Born in 1918 into a working-class Edinburgh family, Muriel Spark became the epitome of literary chic and one of the great writers of the twentieth century. Her autobiography, Curriculum Vitae: A Volume of Autobiography, recorded her early years but politely blurred her darker moments: troubled relations with her family, a terrifying period of hallucinations, and disastrous affairs with the men she loved. At the age of nineteen, Spark left Scotland to get married in southern Rhodesia, only to divorce and escape back to Britain in 1944. After converting to Catholicism in 1954, she began writing novels that propelled her into the literary stratosphere. These came to include Memento Mori, The Girls of Slender Means, and A Far Cry from Kensington.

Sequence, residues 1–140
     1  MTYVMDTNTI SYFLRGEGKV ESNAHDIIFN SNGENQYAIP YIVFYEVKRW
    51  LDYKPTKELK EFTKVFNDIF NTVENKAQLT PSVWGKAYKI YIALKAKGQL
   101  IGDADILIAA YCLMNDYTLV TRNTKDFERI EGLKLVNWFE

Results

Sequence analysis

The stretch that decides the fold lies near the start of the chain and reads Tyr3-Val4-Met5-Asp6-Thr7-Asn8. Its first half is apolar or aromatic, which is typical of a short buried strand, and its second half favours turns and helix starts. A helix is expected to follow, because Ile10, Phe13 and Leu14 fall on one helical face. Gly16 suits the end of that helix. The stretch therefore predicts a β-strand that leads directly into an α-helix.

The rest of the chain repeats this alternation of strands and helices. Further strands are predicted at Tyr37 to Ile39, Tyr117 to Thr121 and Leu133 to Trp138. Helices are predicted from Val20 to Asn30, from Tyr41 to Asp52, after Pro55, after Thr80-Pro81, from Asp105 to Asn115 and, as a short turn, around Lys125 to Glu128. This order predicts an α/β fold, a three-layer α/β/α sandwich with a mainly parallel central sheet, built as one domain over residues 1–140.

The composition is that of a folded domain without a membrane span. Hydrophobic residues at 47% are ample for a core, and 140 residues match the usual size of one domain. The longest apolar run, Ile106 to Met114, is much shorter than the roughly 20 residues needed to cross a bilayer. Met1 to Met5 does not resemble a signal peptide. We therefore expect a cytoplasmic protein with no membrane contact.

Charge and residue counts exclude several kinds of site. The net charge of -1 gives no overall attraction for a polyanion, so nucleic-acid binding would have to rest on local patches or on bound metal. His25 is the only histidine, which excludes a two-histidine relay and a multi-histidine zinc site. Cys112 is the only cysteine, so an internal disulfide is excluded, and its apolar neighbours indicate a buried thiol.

Spark achieved international celebrity with The Prime of Miss Jean Brodie (1961), later adapted into a successful play and film. John Updike, Tennessee Williams, Evelyn Waugh, and Graham Greene, among others, applauded her work. She lived part-time in New York City, had an office at the New Yorker, and became friends with Shirley Hazzard and W. H. Auden. Spark ultimately settled in Italy, where for more than thirty years—until her death in 2006—she shared a house with the artist Penelope Jardine. Spark gave Martin Stannard full access to her papers. He interviewed her many times as well as speaking to her colleagues, friends, and family members. The result is an indelible portrait of one of the most significant and emotionally complicated writers of the twentieth century, full of strong feeling, sharp wit, and unabashed ambition.